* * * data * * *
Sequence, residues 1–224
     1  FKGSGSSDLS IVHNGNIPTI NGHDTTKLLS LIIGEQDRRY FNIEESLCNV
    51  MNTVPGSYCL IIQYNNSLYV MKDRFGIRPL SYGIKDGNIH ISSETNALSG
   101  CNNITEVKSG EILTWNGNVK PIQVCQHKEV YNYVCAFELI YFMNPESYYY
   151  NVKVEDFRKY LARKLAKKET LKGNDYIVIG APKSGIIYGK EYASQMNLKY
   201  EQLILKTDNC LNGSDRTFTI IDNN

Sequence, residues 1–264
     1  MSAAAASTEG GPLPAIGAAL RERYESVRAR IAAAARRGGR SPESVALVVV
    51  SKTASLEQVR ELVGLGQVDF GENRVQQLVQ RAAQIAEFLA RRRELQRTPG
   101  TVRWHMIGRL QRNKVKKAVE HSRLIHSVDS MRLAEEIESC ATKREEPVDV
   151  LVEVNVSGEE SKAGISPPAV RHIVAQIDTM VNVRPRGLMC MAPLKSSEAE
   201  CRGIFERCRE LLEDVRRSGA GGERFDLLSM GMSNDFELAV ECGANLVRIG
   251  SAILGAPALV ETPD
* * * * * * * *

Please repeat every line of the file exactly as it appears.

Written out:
Sequence, residues 1–224
     1  FKGSGSSDLS IVHNGNIPTI NGHDTTKLLS LIIGEQDRRY FNIEESLCNV
    51  MNTVPGSYCL IIQYNNSLYV MKDRFGIRPL SYGIKDGNIH ISSETNALSG
   101  CNNITEVKSG EILTWNGNVK PIQVCQHKEV YNYVCAFELI YFMNPESYYY
   151  NVKVEDFRKY LARKLAKKET LKGNDYIVIG APKSGIIYGK EYASQMNLKY
   201  EQLILKTDNC LNGSDRTFTI IDNN

Sequence, residues 1–264
     1  MSAAAASTEG GPLPAIGAAL RERYESVRAR IAAAARRGGR SPESVALVVV
    51  SKTASLEQVR ELVGLGQVDF GENRVQQLVQ RAAQIAEFLA RRRELQRTPG
   101  TVRWHMIGRL QRNKVKKAVE HSRLIHSVDS MRLAEEIESC ATKREEPVDV
   151  LVEVNVSGEE SKAGISPPAV RHIVAQIDTM VNVRPRGLMC MAPLKSSEAE
   201  CRGIFERCRE LLEDVRRSGA GGERFDLLSM GMSNDFELAV ECGANLVRIG
   251  SAILGAPALV ETPD